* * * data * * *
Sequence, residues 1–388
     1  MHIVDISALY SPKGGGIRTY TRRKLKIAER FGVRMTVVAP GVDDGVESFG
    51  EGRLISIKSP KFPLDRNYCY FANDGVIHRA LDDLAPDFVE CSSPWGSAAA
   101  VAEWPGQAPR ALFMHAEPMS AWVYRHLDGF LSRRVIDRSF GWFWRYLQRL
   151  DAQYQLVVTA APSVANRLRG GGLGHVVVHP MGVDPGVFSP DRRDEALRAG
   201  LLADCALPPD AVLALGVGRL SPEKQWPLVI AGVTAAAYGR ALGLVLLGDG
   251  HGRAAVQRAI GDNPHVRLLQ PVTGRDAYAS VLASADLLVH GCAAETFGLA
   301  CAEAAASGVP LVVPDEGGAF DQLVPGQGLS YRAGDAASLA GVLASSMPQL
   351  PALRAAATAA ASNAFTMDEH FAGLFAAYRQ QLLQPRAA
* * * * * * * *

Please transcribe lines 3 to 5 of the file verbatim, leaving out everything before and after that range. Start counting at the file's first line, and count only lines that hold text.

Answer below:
    51  EGRLISIKSP KFPLDRNYCY FANDGVIHRA LDDLAPDFVE CSSPWGSAAA
   101  VAEWPGQAPR ALFMHAEPMS AWVYRHLDGF LSRRVIDRSF GWFWRYLQRL
   151  DAQYQLVVTA APSVANRLRG GGLGHVVVHP MGVDPGVFSP DRRDEALRAG